Palin-bookish or bullish?: Lots of rumors surround any political candidate for a major national office but many of those rumors turn out to be exaggerations or even fabricationsthey don't have a factual leg to stand on. But one of those rumors about Gov. Sarah Palin began to grow legs last week. ABC News reported that the author of a bookPastor, I Am Gayhas fingered the Republican vice-presidential nominee as one of the people who tried to ban his book in Wasilla, when Palin was its mayor.
Howard Bess, pastor of a Church of the Covenant in nearby Palmer, Alaska, told ABC that members of Palin's church, which at the time1996was the Assembly of God, had been pushing the local bookstores to remove his book. And Palin, he said, 'was one of them.' Reader reviewers on Amazon.com describe the book as conveying his experiences in counseling gay parishioners and examines scriptures to urge that gay people be treated with dignity and respect. Palin has acknowledged discussing book censorship in general with the local librarian and local news coverage shows that she also fired that womanMary Ellen Emmons Baker. But a public outcry over the firing forced Palin to reinstate the librarian. Baker, meanwhile, has repeatedly said she does not recall Palin seeking to ban any specific books.
Leader in trust: A poll out last week showed that more registered voters trust Democrat Barack Obama on the rights of gay couples than trust Republican John McCain. The poll, conducted Sept. 5-7 nationwide by the Washington Post and ABC News, asked 961 registered voters, 'Regardless of who you may support, who do you trust more to handle social issues, such as abortion and gay civil unions?' Forty-eight percent said Obama; 41 percent said McCain. Five percent said 'both' or 'neither,' and six percent were unsure. Interestingly, McCain's standing has improved on the question since the question was first asked in July, and Obama's has dropped off. Only 32 percent of those surveyed trusted McCain more on social issues in Julyso the current 41 percent represents a significant boost. Meanwhile, 56 percent trusted Obama more in July so the current 48 percent represents an eight-point drop.
Bus fuss: Mel White, the former ghost writer for Jerry Falwell and other right-wing televangelists, recently paid a small town in Virginia for busing supporters of Democratic presidential candidate Barack Obama to a local high school to hear the candidate speak. According to various reports, the town was forced to provide last-minute shuttle services from a local stadium to the high school after Jerry Falwell, Jr., son of the late evangelist, refused to allow rally attendees to park in the shopping mall owned by Falwell's Liberty University. White and his spouse, Gary Nixon, chipped in the $900 to pay back the town for its services.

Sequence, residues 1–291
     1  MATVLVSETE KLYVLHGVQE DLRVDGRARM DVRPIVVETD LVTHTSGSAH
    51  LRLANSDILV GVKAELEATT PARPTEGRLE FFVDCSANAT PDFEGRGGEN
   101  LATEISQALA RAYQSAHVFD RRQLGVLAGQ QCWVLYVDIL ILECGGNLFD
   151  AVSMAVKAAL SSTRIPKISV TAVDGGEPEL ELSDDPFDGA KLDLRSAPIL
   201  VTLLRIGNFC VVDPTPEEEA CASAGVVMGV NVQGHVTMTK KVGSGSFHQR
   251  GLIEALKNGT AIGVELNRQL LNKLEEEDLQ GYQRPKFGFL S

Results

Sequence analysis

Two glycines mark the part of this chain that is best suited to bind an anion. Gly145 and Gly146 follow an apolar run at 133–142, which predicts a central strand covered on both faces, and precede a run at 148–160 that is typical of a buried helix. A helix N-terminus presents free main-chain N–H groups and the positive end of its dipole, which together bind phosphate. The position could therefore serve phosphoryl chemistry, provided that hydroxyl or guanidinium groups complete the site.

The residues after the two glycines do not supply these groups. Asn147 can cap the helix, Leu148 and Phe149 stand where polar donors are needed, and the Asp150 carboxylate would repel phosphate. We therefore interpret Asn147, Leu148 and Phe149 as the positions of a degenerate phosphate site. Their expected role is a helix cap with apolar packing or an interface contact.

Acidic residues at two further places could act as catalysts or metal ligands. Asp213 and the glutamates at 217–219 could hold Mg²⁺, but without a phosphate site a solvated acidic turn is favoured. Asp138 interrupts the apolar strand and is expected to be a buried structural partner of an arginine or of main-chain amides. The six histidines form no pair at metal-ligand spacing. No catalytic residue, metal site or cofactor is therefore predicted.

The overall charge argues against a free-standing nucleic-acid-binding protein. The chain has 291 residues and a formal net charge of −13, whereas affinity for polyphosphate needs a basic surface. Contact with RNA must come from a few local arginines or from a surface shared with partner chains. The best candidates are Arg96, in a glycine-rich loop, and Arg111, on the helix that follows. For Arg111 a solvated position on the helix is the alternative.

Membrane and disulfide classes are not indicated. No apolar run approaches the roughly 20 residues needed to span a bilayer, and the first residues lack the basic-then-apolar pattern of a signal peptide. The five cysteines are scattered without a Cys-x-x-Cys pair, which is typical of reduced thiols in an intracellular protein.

Surrogate sins: Palin has only begun doing interviews, so it's uncertain how she feels about this, but her church bulletin recently include a flyer for an ex-gay ministry forum this month. The evangelical Wasilla Bible Church, where Palin has been worshipping for six years, inserted a promotional flyer for the Sept. 13 conference in Anchorage to help people with 'unwanted same-sex attractions' to overcome their desires. The conference agenda goes far beyond people who are uncomfortable with a same-sex orientation. It includes sessions on 'confronting gay-affirmative curriculum' in public schools, countering 'pro-gay theology,' and opposing same-sex marriage. The conference is being staged by one of the country's largest and most virulently anti-gay organizationsFocus on the Family.
Marriage bows: The Republican ticket is sticking to a tightand tiredscript on the campaign trail right now. Both nominee John McCain and running mate Sarah Palin are trotting out the same zingers from city to city that won them the most applause at the GOP convention last week. They say nothing about gay marriage, even when in the heart of anti-gay marriage countryColorado Springs, Colo. The town, headquarters of the multimillion-dollar Focus on the Family organization, played host to the Republican ticket Sept. 6, but the local Gazette newspaper said their speeches were 'notable for the absence of any reference to social 'wedge' issues such as abortion or gay marriage.'
Palin doesn't kick: Fox News commentator Tammy Bruce had an interesting take on whether gays might support the McCain-Palin ticket. In a San Francisco Chronicle essay Sept. 7, she said yes, explaining that '[i] n her time in office, Palin's focus has not been to kick the gays … .'
Koch for Obama: Former New York City Mayor Ed Koch announced this week that he's endorsing Democrat Barack Obama for president. In an essay published Sept. 9 by realclearpolitics.com, Koch said: 'Protecting and defending the U.S. means more than defending us from foreign attacks. It includes defending the public with respect to their civil rights, civil liberties and other needs, e.g., national health insurance, the right of abortion, the continuation of Social Security, gay rights, other rights of privacy, fair progressive taxation and a host of other needs and rights.'
Hollywood blast: Michelle Obama was the guest of honor Sept. 3 at an LGBT fundraiser at the home of superagent Brian Lourd. According to a pool report, about 300 people attended, paying between $1,000 and $25,000 each.
©2008 Keen News Service